Filed Under Religion

Congregation Kol Ami

Nestled in the foothills of Salt Lake City, Congregation Kol Ami recently celebrated its 50th anniversary. Born of a merger between two branches of Judaism, this synagogue now serves about a quarter of Utah’s Jewish population.

Salt Lake City’s Jewish community traces its roots back to 1854, with the arrival of both European immigrants and east-coast transplants. Several prominent figures in Utah history belonged to this community, including brothers Samuel and Frederick Auerbach (founders of the People’s Store: F. Auerbach and Brothers) and Simon Bamberger, who was elected governor of Utah in 1916. The city’s first synagogues were Congregation B’nai Israel and Congregation Montefiore. Congregation B’nai Israel was founded in 1891 and served those following Reform practices, while Congregation Montefiore was established in 1899 and served Conservative adherents to the faith. 

Congregation Kol Ami was established in 1972 as a result of a merger between these two historic communities. The merger occurred for several reasons. Financially, it was more viable to have Salt Lake’s Jewish community gather in one place. It also strengthened ties between adherents of Reform and Conservative Judaism. The synagogue’s name, Kol Ami roughly translates to “all of my people” in Hebrew.  Because it is a joint Conservative and Reform Congregation, Congregation Kol Ami holds Reform worship services on Fridays and Conservative on Saturdays. Now into its fiftieth year, Congregation Kol Ami serves about 400 families and has experienced 35% growth since Rabbi Samuel Spector’s tenure began in 2018.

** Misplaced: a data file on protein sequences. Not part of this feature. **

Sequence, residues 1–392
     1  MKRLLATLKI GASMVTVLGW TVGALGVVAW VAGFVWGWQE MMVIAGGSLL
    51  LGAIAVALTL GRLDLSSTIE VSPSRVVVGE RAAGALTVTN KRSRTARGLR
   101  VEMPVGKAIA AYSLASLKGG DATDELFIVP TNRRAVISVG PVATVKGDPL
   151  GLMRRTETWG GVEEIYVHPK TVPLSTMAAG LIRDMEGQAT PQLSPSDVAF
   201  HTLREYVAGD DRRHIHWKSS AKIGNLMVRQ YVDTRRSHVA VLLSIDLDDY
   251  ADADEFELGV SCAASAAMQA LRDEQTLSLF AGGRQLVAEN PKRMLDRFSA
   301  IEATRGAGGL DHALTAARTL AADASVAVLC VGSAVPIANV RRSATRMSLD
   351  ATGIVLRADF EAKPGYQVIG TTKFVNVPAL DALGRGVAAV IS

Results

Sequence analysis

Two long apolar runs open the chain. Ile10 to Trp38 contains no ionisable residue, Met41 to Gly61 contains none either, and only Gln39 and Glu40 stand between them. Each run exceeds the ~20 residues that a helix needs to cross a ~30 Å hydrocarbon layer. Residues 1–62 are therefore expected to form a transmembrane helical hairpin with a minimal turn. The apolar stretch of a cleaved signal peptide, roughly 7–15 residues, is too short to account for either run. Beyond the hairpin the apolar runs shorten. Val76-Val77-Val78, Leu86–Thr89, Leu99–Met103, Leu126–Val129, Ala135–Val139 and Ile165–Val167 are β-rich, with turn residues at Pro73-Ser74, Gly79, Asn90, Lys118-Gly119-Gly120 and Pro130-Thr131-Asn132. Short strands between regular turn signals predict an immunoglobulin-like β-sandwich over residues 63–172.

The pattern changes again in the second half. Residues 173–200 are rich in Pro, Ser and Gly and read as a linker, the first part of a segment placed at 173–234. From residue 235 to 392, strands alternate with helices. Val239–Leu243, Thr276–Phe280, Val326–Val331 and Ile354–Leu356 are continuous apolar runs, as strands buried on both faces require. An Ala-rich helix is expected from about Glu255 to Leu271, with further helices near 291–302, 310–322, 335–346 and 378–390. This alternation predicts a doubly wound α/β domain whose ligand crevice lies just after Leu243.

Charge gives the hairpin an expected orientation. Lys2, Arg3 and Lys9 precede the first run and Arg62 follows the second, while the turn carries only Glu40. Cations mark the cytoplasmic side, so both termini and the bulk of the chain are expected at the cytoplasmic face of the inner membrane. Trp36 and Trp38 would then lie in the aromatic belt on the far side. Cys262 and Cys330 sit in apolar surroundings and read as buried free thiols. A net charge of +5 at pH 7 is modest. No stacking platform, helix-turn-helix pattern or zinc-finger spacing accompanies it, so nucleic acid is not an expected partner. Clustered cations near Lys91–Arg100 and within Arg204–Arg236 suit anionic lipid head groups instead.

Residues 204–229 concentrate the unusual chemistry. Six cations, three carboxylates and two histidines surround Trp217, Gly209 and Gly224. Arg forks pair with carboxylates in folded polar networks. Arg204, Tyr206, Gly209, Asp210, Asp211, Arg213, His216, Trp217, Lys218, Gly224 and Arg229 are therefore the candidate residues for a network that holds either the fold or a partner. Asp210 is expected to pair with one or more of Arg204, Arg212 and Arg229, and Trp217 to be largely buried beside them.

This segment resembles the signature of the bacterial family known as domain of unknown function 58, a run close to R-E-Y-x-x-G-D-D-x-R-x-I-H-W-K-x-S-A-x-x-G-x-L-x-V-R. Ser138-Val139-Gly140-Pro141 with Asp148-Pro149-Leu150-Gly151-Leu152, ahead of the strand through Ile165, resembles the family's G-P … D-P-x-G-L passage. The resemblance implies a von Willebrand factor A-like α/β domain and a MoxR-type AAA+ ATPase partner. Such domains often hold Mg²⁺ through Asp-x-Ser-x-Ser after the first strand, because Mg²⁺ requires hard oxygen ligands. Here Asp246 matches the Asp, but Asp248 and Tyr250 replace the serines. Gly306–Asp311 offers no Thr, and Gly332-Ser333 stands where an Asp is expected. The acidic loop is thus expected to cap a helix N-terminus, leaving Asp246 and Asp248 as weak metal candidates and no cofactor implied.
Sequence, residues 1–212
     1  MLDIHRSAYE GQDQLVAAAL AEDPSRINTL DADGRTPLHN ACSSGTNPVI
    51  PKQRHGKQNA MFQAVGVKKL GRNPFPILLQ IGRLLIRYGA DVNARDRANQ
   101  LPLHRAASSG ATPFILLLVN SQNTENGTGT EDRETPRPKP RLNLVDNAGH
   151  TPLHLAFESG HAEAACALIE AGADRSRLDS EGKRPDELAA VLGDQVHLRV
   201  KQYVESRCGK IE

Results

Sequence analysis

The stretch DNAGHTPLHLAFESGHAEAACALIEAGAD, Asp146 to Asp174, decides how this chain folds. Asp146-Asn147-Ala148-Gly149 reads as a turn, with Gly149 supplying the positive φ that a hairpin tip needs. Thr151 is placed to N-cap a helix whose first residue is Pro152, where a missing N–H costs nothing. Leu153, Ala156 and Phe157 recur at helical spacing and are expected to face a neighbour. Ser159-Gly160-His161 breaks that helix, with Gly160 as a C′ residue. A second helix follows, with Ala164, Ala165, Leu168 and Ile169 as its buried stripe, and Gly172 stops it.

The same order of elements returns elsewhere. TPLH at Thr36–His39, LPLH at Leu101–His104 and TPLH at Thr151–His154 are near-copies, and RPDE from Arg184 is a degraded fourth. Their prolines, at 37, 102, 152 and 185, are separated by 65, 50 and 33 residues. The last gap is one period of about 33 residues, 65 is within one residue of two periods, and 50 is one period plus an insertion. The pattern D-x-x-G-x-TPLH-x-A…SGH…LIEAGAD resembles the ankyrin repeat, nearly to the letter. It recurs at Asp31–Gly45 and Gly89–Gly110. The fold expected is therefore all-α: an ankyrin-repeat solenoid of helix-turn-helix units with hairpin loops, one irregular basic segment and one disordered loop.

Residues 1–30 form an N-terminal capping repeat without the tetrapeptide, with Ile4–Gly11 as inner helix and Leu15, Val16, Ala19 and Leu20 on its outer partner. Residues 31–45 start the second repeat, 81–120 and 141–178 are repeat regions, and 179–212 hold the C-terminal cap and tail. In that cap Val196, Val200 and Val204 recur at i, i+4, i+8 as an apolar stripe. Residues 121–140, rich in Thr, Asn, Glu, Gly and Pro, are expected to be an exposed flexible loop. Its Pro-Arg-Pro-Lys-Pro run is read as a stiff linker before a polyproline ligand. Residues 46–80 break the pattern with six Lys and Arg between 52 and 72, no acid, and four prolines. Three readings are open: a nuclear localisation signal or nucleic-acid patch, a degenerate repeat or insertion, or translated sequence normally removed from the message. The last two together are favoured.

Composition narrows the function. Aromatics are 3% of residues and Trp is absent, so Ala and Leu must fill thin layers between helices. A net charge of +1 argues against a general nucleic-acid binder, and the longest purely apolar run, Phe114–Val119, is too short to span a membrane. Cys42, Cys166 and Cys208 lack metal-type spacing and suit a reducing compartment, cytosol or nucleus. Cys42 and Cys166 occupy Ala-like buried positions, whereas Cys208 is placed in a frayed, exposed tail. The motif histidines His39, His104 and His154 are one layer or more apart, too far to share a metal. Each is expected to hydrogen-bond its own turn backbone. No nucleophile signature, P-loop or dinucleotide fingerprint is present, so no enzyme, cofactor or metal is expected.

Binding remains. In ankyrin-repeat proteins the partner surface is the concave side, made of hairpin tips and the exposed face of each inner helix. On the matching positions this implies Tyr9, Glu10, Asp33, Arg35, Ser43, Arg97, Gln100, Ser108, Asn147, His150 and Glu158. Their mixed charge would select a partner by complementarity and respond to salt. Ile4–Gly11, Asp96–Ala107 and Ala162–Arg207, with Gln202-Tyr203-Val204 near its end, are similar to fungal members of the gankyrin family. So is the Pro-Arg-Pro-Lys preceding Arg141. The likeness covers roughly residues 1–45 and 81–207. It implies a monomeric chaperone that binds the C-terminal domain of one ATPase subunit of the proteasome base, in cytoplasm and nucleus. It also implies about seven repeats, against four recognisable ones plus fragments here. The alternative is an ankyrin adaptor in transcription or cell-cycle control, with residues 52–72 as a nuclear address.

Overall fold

Construction of the synagogue was completed in the early 1970s. It is a multi-purpose space, holding classrooms, offices, a central worship space, and a kitchen. In addition to Shabbat services, the synagogue hosts daily classes at the Rafi Schwartz Religious School. The mission of the Religious School is “to create students who are active participants in the intellectual, religious, and cultural traditions of Judaism.” The school serves students of various backgrounds and traditions from preschool through 12th grade. 

Congregation Kol Ami hosts a number of community events, including a class called “Introduction to Jewish Life.” Members of the congregation or interested residents of the greater Salt Lake area are invited to come learn more about Jewish beliefs, practices, history, holidays, and basic Hebrew. There are also Sunday study sessions hosted by Rabbi Fred Wenger. Topics vary week by week, but typically address themes connected to the Jewish diaspora. With their emphasis on education, community, and worship, Kol Ami’s congregants are wonderful contributors to Salt Lake City’s diversity and development.


Exterior of Kol Ami, taken between the 1970s-1980s.<br />
Exterior of Kol Ami, taken between the 1970s-1980s.
Used with permission by Rabbi Spector
Congregation Kol Ami Exterior
Congregation Kol Ami Exterior Exterior of the synagogue. Credit: Kol Ami website.
Torah Scrolls
Torah Scrolls Image taken by Isabella Holt
Display honoring SLC’s pioneer Jews<br />
Display honoring SLC’s pioneer Jews
Photo taken by Isabella Holt



Isabella Holt, Brigham Young University, “Congregation Kol Ami,” Intermountain Histories, accessed July 22, 2024,